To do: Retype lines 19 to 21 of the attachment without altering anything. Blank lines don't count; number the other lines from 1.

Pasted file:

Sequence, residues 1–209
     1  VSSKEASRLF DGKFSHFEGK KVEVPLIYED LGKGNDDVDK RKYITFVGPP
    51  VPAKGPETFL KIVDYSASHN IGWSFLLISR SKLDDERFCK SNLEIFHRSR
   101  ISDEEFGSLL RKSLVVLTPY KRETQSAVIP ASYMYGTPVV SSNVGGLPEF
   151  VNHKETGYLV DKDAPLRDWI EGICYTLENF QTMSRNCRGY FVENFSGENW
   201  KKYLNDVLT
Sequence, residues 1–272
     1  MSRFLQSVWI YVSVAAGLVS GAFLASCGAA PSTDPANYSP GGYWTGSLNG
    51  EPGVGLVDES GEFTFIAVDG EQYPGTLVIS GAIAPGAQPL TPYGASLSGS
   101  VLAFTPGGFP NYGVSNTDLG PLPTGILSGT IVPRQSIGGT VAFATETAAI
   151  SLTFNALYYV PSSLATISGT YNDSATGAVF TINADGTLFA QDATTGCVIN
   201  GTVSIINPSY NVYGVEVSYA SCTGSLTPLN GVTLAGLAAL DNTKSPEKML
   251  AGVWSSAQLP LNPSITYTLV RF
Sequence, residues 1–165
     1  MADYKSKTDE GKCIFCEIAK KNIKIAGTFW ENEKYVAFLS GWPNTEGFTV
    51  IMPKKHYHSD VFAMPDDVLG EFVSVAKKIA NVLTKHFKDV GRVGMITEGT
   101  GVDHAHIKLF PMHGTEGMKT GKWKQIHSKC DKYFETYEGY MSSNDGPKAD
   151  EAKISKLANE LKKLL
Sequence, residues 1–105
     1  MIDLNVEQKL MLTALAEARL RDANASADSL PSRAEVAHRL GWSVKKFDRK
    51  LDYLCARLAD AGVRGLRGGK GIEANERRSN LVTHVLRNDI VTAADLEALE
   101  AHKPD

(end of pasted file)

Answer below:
Sequence, residues 1–105
     1  MIDLNVEQKL MLTALAEARL RDANASADSL PSRAEVAHRL GWSVKKFDRK
    51  LDYLCARLAD AGVRGLRGGK GIEANERRSN LVTHVLRNDI VTAADLEALE